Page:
In addition to having features helpful for gene cloning, both DH5α and DH10B are considered safe to handle. They lack virulence factors that may cause disease in the person handling them.


E. coli strain DH5α is widely used as a host strain for gene cloning. Mutations in recA1 and endA1 ensure that the introduced plasmid does not recombine with the host genome and is not cleaved by host endonucleases, respectively.

It also features α-complementation for blue-white screening.

In this section we will look at the prominent genetic characteristics that DH5α has, which are very helpful during gene cloning. We will start with the recA1 mutation.


RecA facilitates homologous recombination. When transforming a cloning host strain with a plasmid, you would not want recombination between it and the host genome – to maintain sequence fidelity of the vector and the transgene cloned in it. The recA1 mutation in DH5α ensures this.

To understand why homologous recombination should be turned off in cloning strains, please refer to this article on homologous recombination.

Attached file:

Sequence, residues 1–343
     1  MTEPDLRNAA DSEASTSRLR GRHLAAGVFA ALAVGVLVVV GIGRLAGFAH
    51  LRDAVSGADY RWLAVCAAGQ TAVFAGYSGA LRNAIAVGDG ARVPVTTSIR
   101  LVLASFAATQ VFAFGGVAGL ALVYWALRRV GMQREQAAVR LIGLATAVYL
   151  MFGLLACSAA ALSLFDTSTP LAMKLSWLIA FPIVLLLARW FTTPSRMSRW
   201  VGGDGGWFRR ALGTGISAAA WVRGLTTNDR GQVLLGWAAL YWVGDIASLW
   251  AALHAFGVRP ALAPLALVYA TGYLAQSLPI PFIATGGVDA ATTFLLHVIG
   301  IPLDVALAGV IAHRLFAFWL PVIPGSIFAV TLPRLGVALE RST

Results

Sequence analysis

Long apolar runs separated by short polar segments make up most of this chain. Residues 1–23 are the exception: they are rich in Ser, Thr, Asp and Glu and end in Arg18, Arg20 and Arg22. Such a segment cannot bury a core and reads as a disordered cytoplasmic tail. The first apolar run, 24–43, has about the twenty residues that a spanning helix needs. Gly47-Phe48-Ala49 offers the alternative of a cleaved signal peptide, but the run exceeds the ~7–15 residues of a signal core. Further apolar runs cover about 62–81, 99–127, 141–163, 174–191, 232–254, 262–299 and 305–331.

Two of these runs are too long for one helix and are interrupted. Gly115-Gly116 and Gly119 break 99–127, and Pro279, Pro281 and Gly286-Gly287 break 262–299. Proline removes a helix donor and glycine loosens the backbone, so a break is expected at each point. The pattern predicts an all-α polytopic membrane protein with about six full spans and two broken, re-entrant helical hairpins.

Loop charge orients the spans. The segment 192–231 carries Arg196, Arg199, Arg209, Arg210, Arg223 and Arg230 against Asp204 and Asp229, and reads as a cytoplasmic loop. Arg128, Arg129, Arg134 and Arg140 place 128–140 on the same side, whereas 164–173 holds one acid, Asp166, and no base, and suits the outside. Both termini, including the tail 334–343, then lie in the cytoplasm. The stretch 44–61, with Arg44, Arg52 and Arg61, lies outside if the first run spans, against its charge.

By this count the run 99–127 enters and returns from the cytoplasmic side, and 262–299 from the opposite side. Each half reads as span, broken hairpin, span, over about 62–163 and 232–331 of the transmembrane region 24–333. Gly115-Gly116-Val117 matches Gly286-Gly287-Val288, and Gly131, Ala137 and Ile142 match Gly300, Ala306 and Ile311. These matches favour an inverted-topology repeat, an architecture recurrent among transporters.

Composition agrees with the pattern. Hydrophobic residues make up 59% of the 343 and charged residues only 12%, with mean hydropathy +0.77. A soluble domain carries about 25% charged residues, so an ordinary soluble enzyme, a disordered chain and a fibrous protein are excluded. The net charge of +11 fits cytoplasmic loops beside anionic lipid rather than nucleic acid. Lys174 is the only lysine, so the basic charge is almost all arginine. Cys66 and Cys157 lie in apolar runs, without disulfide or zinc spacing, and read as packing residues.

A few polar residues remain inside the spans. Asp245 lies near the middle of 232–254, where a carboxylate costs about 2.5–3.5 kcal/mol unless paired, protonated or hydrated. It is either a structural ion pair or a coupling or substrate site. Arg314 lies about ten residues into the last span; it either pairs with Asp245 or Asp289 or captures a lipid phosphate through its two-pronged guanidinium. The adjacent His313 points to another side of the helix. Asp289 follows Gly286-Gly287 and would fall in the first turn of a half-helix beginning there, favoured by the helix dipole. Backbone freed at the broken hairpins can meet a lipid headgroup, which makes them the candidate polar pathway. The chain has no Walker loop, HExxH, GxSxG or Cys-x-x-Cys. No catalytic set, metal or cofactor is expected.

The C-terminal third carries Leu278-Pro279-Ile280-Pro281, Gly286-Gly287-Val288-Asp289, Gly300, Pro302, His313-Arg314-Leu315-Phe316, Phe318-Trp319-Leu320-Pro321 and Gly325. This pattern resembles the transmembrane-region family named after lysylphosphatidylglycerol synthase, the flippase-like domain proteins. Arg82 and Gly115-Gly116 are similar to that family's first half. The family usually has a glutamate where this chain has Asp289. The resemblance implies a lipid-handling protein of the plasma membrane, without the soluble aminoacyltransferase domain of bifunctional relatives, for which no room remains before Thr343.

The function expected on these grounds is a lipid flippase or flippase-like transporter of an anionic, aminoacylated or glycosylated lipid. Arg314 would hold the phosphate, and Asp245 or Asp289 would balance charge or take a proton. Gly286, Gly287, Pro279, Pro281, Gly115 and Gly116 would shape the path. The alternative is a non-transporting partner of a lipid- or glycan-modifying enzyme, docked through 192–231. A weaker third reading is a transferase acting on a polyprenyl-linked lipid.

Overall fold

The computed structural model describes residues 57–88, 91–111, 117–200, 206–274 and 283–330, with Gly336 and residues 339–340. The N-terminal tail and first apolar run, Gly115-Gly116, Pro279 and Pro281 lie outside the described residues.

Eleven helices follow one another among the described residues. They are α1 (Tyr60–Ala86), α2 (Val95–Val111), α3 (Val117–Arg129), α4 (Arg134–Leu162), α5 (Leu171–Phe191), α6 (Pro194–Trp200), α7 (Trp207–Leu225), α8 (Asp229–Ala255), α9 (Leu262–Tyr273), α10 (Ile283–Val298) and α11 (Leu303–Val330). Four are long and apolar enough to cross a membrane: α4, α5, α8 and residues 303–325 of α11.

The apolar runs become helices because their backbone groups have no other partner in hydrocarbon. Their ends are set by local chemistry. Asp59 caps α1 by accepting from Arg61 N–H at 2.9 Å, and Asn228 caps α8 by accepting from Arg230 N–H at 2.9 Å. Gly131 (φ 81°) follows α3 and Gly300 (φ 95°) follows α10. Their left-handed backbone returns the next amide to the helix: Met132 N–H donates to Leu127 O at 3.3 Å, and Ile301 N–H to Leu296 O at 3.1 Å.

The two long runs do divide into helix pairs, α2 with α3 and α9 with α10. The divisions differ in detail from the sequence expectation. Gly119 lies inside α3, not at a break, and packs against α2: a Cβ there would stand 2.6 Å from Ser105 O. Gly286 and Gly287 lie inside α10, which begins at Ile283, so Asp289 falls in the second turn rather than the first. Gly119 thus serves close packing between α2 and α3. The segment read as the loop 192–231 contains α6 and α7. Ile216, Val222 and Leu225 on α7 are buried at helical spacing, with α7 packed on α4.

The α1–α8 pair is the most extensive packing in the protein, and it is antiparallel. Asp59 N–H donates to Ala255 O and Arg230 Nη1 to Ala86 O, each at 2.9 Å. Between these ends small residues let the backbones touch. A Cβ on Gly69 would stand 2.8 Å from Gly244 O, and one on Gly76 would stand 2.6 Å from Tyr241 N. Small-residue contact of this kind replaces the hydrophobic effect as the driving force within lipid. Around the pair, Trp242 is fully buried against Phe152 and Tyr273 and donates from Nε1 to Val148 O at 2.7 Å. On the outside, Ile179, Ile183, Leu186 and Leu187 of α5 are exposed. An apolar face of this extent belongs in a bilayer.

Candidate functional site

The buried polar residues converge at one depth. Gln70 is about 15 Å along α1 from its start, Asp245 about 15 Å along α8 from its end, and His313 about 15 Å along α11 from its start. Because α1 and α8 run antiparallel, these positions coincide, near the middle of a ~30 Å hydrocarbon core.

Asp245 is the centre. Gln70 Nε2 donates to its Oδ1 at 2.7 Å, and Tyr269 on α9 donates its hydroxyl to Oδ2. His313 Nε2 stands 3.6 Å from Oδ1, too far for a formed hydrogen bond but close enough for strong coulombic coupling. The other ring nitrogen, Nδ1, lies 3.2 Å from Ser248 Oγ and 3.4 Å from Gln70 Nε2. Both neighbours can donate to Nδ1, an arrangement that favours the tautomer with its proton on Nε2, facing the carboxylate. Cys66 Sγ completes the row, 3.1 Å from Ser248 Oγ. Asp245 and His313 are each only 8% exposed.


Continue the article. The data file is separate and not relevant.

As shown in figure 2, if a strain expresses RecA, homologous recombination might occur between an introduced plasmid and the host cell’s genome.

During cloning, you would want the sequence of the vector and the transgene to remain exactly as it is, after you introduce them in the cloning host, which is why the recA1 mutation is so important.


Endonuclease 1 cleaves double-stranded DNA. Vectors and the transgenes cloned in them are double-stranded and can potentially be cut up by Endonuclease 1 if expressed by the cloning host.

DH5α does not produce Endonuclease 1 due to the mutation in endA1.

This ensures that the vector and the insert are preserved properly inside the cell and are not cleaved and degraded.


α-complementation is a phenomenon where a mutation in the lacZ gene (lacZΔM15) is present in the cloning strain DH5α, along with a corresponding genetic element in the cloning vector used during transformation. This combination enables blue-white screening of colonies to figure out which ones have the transgene cloned in them.

DH5α has a mutation - lacZΔM15. Because of this, it expresses a β-galactosidase protein with a large portion missing in the amino terminus. This mutated β-galactosidase protein is called ω-peptide.

For the β-galactosidase protein to function as an enzyme, the full N-terminal is required which helps the protein form a tetramer required for its catalytic activity. Due to the deletion of critical amino acids in the N-terminal, the ω-peptide cannot tetramerize.